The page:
- Buy and read the following book: Sol Stein on Writing - A Master Editor of Some of the Most Successful Writers of Our Century Shares His Craft Techniques and Strategies. The paperback version is available for less than $15. A very good investment, I think!
- Go through several cycles of rewriting and self-editing.
- When you feel your manuscript is ready for publication, ask your peer reviewers for an opinion.
- If you're ready to take your project to the next level, accept the fact that from now on it gets even harder. To publish your book choose one of the four option listed below. By all means, stay away from option number 5 !
- Option 1: Large publishers have got the best marketing teams and a large sales force at their disposal. When signing up with them, it's much easier for you to be considered for highly visible book reviews. If your book sells well during the first three to six months, large publishers will channel additional marketing money into the campaign and your chances will increase even further. So were's the catch? It's plain and simple and quite sobering: Far less than 1% of all manuscript submissions will get accepted. Finding a literary agent willing to take you on is even harder. Many publishers only accept submissions handled through an agent. So if you want to go for this option, you need a lot of patience and you should not get discouraged by a growing mound of rejection letters. Very often literary talent and the quality of a new book gets overlooked, because many publishers look at books from a purely commercial point of view. If Boris Becker or David Beckham writes a book, regardless of the content publishers are very interested. Why? Because potential customers in bookstores will recognize their names. So if you're not well known, you should still keep trying. Eventually you could get lucky winning the lottery and a large publisher will offer you a contract. But it's also possible that you're tempted to give up completely having tried for so many years.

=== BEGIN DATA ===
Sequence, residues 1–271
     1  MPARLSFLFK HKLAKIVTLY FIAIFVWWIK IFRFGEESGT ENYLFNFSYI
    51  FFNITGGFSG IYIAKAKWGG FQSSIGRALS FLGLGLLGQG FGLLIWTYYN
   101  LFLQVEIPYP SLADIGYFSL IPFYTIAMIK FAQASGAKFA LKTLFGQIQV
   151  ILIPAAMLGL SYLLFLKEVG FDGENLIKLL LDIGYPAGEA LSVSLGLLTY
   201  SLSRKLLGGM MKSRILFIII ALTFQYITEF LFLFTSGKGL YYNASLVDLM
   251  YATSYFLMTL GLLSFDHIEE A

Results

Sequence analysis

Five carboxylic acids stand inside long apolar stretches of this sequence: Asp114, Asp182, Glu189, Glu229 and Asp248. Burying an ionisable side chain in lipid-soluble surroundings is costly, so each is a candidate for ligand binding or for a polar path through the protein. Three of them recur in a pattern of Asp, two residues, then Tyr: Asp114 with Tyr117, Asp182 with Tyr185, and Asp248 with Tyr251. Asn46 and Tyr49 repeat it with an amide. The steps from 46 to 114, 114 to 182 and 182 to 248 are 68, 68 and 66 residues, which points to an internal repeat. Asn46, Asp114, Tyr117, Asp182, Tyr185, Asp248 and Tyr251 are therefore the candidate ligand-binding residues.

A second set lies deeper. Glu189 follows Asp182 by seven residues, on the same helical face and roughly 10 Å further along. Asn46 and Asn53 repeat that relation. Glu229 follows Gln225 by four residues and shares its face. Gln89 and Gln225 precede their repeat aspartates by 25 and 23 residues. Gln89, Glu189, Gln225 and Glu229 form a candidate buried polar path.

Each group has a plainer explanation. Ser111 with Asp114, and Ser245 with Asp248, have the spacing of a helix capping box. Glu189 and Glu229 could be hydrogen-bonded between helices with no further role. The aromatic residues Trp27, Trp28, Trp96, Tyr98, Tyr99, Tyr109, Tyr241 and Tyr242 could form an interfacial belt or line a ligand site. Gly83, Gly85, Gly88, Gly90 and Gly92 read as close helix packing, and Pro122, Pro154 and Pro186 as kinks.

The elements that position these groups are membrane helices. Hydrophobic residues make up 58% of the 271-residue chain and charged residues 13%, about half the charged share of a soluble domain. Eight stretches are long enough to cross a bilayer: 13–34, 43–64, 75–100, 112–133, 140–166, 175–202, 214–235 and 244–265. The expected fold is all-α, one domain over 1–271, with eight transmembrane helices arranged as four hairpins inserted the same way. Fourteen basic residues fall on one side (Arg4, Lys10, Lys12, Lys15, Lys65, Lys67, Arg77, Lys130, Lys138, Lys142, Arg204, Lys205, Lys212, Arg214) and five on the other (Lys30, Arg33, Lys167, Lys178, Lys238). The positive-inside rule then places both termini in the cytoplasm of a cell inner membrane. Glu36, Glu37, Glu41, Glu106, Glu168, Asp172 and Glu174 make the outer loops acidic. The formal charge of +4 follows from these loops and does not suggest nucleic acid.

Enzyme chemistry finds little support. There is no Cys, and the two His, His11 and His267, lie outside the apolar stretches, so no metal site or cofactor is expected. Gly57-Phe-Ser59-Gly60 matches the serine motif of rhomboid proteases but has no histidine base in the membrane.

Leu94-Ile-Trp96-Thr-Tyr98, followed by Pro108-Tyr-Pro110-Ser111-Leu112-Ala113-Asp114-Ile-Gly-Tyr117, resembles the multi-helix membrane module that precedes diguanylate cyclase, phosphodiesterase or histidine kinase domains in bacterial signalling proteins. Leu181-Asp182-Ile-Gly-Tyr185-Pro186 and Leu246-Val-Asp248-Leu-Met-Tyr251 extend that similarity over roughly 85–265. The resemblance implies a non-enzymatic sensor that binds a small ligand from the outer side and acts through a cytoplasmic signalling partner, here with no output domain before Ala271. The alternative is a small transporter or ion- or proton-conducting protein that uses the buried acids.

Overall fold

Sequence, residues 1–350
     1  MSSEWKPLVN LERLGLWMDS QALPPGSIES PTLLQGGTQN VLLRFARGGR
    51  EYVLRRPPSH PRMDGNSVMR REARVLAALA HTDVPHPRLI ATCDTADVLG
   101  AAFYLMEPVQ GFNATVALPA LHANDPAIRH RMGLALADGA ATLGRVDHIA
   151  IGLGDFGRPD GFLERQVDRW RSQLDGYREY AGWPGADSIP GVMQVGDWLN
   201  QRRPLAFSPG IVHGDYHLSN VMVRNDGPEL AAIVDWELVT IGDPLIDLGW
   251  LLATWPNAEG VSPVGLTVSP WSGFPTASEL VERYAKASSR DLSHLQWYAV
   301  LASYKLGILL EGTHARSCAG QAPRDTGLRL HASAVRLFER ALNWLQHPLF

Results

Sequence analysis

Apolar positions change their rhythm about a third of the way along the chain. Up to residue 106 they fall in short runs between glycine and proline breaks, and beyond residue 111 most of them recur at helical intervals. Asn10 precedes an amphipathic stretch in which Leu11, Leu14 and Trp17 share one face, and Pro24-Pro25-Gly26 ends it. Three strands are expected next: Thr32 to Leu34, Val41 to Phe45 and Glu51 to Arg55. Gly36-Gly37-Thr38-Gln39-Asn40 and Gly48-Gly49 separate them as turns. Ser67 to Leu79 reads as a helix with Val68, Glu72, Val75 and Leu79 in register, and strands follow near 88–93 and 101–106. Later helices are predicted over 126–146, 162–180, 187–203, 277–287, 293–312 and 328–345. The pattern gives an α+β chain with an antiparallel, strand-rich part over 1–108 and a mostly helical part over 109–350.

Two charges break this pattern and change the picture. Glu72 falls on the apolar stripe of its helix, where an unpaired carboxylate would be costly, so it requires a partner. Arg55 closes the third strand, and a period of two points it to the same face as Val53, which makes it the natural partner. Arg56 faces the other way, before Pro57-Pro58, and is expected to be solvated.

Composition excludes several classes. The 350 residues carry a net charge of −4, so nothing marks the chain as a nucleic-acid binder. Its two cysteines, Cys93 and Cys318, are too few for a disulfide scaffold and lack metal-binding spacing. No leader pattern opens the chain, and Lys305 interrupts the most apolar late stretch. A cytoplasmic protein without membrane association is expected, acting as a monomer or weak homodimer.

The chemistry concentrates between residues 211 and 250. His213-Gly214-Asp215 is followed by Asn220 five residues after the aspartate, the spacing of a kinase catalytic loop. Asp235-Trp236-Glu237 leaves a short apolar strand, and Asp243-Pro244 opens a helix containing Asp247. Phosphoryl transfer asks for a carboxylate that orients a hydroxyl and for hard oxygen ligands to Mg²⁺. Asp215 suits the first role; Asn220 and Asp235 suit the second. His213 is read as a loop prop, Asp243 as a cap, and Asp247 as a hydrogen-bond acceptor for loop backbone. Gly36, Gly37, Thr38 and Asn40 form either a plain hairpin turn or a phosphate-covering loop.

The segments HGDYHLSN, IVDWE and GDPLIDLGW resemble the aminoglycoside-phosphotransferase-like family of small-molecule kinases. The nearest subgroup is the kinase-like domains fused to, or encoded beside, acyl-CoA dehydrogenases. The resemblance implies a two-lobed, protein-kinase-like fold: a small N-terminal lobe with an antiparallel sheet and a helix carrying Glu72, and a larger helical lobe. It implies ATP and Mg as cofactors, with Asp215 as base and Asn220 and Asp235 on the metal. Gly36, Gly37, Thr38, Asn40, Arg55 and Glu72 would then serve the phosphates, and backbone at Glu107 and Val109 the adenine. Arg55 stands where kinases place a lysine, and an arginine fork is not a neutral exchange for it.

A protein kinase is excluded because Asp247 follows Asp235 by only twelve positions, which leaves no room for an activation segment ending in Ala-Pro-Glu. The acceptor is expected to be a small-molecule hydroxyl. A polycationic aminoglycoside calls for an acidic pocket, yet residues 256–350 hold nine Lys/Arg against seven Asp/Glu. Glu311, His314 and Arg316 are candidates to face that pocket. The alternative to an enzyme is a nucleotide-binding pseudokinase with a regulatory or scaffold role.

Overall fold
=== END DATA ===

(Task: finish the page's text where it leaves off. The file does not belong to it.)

- Option 2: Small publishers might be easier to approach, especially when your book's genre is quite unique. For a non-fiction book this works even better, if you're one of the few subject matter experts of a new topic, a new trend, or a hot controversial debate. In general, however, the low submission acceptance rate is more or less the same as for any of the large and well-known publishers: not even 1%. And you have to understand that for a small publisher the financial risk is even greater for a potentially unsuccessful book. So they've got to be very selective during the manuscript selection process. You might have written a remarkable book, but the publisher is not willing to take the risk.